What does it feel like to run together with several hundred people through a city at night? It’s obviously fun. But it’s also powerful. It’s intoxicating. The 19th century psychologist Gustave Le Bon, often recognized as the father of crowd theory, wrote in The Crowd: A Study of the Popular Mind that “an individual immersed for some length of time in a crowd soon finds himself … in a special state, which much resembles the state of fascination in which the hypnotized individual finds himself in the hands of the hypnotizer.” Joining a crowd is, in some sense, a surrender of the self. It’s there in the language: “People” is plural; “a crowd” is a singular entity. After all, we’re not racing. And when we all take off down the hill, music blaring from those portable boom boxes that the pacers are carrying, everyone is excited, almost under a kind of spell. We are all moving together in the dead of night, like shock troops invading a city to a soundtrack of hip-hop and EDM. There’s also a cheap thrill to this: If everyone is staying on the sidewalk (which they mostly are) it’s a lawful gathering—but in any case, this certainly isn’t sanctioned. The run starts, people are whooping, and we make it all of two blocks before being stopped at a crosswalk. Everyone is giddy and full of adrenaline, practically twitchy at being held up like this. Then we get stopped at the next light. And at the following block too. The tension is palpable. As soon as that final crosswalk signal beckons, the runners at the front are off, and the group strings out. We’ve been let loose into the night; a PulseKeeper is usually nearby, but otherwise all anyone’s got is the person in front of him or her to know where to go. We dogleg into Little Tokyo, where we see signs of life. A few awestruck pedestrians; a driver stuck in a driveway for the foreseeable future, wearing a look of resignation as dozens of runners stream past his idling car; outdoor dining furniture that requires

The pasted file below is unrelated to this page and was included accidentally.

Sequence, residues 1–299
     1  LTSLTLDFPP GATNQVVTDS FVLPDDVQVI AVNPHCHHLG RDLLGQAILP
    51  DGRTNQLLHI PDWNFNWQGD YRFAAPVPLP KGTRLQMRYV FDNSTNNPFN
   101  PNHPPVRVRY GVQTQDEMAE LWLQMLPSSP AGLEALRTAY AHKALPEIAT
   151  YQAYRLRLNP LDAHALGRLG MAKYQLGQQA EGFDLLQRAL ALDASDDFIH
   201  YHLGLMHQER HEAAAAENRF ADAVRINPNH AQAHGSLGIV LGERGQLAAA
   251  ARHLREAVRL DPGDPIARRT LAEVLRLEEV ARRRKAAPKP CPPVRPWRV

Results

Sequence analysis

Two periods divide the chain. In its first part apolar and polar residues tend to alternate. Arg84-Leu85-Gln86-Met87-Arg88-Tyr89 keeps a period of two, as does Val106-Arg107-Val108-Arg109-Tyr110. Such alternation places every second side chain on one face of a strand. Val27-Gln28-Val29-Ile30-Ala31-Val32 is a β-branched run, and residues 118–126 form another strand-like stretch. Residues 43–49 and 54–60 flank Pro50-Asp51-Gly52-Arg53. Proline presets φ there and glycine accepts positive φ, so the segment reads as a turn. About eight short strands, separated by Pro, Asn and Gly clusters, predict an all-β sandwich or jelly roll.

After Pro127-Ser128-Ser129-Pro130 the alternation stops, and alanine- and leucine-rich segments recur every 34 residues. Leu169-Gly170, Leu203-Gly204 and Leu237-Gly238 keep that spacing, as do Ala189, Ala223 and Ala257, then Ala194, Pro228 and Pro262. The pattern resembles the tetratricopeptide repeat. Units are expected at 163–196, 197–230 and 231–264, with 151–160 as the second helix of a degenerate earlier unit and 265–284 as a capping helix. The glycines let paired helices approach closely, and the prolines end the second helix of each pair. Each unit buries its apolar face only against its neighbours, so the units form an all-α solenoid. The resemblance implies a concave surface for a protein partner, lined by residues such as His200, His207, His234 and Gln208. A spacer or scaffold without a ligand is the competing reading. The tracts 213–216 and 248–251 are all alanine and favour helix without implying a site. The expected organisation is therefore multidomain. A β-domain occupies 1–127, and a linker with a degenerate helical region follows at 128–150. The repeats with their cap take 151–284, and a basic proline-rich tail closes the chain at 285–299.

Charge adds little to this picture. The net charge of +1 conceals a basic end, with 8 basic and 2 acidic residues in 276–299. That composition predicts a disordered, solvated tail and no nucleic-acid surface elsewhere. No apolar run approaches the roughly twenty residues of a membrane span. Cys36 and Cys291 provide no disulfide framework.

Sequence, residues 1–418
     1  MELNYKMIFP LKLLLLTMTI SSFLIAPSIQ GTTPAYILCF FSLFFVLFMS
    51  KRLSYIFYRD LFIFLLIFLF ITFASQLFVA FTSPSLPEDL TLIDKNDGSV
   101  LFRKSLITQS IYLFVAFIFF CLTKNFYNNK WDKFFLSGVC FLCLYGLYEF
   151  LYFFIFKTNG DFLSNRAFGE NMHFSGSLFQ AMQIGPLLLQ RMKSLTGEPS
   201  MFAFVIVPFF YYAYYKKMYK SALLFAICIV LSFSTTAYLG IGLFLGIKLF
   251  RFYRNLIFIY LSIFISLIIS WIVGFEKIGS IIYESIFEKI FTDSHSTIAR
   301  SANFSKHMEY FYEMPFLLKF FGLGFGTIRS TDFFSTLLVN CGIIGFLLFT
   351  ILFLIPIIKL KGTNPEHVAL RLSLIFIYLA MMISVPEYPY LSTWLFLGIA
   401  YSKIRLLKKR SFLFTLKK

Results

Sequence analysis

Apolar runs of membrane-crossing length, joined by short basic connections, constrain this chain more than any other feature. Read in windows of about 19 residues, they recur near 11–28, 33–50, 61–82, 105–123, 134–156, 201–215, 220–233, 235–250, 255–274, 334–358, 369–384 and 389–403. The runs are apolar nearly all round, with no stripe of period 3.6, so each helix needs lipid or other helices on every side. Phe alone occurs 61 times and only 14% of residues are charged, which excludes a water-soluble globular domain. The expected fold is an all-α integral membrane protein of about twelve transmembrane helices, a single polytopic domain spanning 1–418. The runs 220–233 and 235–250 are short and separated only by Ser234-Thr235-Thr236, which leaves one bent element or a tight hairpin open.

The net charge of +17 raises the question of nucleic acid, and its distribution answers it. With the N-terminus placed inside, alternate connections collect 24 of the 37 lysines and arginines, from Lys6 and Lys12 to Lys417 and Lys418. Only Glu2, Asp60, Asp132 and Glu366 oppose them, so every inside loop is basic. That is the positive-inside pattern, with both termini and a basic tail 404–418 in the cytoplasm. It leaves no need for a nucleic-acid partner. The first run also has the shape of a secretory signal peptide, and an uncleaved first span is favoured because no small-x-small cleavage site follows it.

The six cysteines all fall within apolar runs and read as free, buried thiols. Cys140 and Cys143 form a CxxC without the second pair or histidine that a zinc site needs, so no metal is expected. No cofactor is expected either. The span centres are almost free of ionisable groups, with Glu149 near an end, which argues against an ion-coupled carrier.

some agile maneuvering around. Then onto a straight, mile-long industrial stretch, following a pair of disused train tracks over a mix of sidewalk, gravel, dust and scattered trash as we pass warehouses, homeless people sound asleep on loading docks, concertina-wire fences and massive bus yards. Every so often you see Valiente for a split second as you run past—or at least you see the flash of his camera. He’s continually leapfrogging the group, taking pictures then sprinting ahead on his road bike. A guy in the group running with a dog is feeling it; he’s shouting “Blacklist, yeah YEAH!” over and over, in a call and response, and a few people join in. The PulseKeeper nearby is feeling it. When we stop at a red light, she’s effusive with compliments and generous with fist bumps. Of all the things one could be doing past 10 o’clock on a Monday night, most don’t compare to this. A little farther, past a major intersection, and we’ve reached our destination: a giant black and white, abstract-expressionist mural by an L.A. artist of some renown named RETNA. It stretches eight stories high on American Apparel’s antique factory building, covering basically every surface that’s not a window. Phones are out. People are taking a breather, texting, ’gramming, sitting on the curb, chatting with the person next to them. Runners continue to trickle in. Valiente is across the street with a megaphone. After a few minutes and shooting some more shots, he gets on the bullhorn and gives a brief bio about the artist, reminding the group to tag him on social media. Everyone mills around a bit longer, then poses for a group photo. Then it’s back more or less the way we came, but on parallel streets. The group is far more strung out. The final 10 blocks or so are straight and uphill. When we finally reach the curb onto the Walt Disney Concert Hall plaza, several waiting hands are offering high-fives. The giant amp is still playing music. As everyone comes in—minus those who headed straight for their car or the Metro station—there’s